Monday, May 21, 2018
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Drive-by patronage

NOT so long ago, Democratic and Republican fat-cats acted like feudal princes, doling out public jobs and government contracts as rewards for loyal service by political hacks. Those days are supposed to be over. Apparently, some local politicians haven't gotten the message.

For an embarrassment of years, it has been the practice of the Lucas County sheriff to use outside contractors to do drive-by appraisals of foreclosed properties before sheriff's sales. Not by accident, many of those chosen to do the appraisals have been well-connected politically.

Seven years ago, a Blade story revealed how this blatant misuse of power put thousands of dollars into the pockets of people such as Marshall Isenberg, former husband of Sandy Isenberg, then-president of Lucas County Board of Commissioners; Dennis Isenberg, the Isenbergs' son, and Domenic Montalto, a Democratic Party functionary.

At the time, we called on Sheriff James Telb and the county commissioners to end the cronyism, suggesting appraisals could be more economically conducted by the county auditor.

Since then, not even the names of those who benefit most from this patronage have changed. What is different are the stakes. In 1999, 10 appraisers for sheriff's sales were paid less than $57,000. In 2008, nine appraisers were paid $459,148, an eight-fold increase fueled by the current foreclosure crisis.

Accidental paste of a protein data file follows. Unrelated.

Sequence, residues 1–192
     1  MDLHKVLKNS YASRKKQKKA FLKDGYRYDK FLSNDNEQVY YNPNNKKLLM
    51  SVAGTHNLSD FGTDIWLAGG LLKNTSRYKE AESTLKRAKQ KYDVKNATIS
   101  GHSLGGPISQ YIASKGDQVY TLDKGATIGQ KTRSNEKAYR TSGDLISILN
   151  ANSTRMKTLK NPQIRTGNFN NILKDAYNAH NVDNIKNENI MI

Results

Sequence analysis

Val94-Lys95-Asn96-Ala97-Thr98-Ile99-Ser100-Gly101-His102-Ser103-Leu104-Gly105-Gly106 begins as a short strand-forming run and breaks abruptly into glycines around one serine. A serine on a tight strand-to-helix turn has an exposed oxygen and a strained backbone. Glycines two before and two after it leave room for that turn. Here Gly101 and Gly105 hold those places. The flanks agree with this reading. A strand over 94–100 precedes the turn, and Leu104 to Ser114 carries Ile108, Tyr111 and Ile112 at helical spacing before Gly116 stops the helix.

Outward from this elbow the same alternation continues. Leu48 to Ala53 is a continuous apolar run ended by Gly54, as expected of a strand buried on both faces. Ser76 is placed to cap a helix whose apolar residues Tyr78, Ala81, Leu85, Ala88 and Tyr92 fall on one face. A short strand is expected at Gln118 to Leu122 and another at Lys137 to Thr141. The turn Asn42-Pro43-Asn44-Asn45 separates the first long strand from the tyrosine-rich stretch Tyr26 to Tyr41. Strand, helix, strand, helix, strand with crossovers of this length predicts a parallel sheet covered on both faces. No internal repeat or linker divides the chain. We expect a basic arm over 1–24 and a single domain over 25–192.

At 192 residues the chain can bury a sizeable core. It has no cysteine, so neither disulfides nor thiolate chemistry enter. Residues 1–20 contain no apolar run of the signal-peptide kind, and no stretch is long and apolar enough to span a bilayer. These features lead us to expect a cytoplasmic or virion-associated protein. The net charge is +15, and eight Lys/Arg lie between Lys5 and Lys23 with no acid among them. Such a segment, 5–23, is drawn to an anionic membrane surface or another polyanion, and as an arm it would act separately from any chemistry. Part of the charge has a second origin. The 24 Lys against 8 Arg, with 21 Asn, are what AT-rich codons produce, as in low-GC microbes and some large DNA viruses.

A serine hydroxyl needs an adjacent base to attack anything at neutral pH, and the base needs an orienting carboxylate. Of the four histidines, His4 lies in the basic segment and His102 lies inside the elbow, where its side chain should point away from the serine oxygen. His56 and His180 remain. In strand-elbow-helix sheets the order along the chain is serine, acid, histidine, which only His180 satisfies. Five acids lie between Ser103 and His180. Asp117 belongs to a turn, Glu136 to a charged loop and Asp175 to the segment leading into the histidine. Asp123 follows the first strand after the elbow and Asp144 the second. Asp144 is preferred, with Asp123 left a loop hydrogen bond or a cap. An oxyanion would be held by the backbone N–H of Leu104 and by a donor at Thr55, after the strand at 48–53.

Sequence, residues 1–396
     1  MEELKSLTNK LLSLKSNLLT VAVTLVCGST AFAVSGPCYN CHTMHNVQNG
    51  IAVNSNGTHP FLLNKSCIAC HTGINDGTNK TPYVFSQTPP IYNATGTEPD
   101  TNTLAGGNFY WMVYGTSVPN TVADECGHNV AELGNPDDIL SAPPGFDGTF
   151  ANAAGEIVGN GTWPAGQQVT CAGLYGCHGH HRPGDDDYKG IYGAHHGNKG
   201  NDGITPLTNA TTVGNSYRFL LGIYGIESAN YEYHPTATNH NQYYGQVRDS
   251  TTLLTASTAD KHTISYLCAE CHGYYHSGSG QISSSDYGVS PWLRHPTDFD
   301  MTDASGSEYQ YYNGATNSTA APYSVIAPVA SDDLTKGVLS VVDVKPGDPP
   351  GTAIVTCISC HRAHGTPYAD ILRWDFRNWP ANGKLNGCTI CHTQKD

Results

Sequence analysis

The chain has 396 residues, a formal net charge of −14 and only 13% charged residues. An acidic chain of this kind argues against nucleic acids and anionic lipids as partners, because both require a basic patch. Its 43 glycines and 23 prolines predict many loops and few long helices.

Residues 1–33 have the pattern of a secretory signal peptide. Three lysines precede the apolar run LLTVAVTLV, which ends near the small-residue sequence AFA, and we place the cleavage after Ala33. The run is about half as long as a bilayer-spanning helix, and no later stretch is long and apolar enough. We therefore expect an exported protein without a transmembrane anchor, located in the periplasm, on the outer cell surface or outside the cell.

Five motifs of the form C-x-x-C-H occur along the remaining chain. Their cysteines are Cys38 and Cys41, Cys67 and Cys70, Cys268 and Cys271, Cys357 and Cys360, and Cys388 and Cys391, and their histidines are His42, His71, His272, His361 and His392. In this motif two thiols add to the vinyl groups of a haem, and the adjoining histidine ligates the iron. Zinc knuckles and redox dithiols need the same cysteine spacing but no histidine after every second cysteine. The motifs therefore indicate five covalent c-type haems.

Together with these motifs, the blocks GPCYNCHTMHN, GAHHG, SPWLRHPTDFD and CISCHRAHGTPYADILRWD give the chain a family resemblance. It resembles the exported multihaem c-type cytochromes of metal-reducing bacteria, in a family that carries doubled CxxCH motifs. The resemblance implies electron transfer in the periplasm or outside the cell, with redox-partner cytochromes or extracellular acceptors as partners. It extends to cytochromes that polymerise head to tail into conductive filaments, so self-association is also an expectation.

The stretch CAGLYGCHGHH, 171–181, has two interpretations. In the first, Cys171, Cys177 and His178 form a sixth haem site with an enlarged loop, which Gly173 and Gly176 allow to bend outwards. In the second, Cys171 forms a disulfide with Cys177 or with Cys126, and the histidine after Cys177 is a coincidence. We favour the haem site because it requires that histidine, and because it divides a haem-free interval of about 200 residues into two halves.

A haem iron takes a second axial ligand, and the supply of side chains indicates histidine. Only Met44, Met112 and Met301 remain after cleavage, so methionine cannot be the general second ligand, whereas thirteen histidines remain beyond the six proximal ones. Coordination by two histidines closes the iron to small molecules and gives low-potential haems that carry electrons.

In 1999, Dennis Isenberg led all appraisers, earning $12,765. In 2008, he made more than $150,000 doing appraisals for Sheriff Telb, and he's already topped six figures this year as well.

Mr. Montalto, who was paid almost $94,000 for appraisals in 2008, is an 81-year-old political dirty trickster who for years was joined at the hip with disgraced former county Treasurer Ray Kest. Mr. Montalto resigned as the county Democratic Party's executive director two years ago to escape the heat of a scandal involving a stripper at a party golf fund-raiser.

Party insiders growing rich off sheriff's appraisals when the county could do the job in-house is a shameful example of political hackdom at its worst, but the public is catching on to patronage's sinister influence on government. Just last month, Toledo voters rejected mayoral candidate Keith Wilkowski, seen as part of the old Democratic order, in favor of Mike Bell, who was widely viewed as being free of political IOUs.

We reject Tina Skeldon Wozniak's latest attempt to smear fellow Commissioner Ben Konop because he is a cousin of the Isenbergs. When it comes to being "guilty by relative," Ms. Wozniak, who stonewalled attempts to remove her cousin, Tom Skeldon, as dog warden, is the one who has the real explaining to do.

Sheriff Telb's plan to train deputies as appraisers is a waste of time and money that will be seen as a vain attempt to maintain personal control over these lucrative jobs at the county expense. The auditor's office already has trained personnel and needs only a change in Common Pleas Court rules to be able to take on the job.

Voters have shown that they're willing to buck party bosses to get fiscally responsible government without the taint of patronage. Officeholders should take notice.

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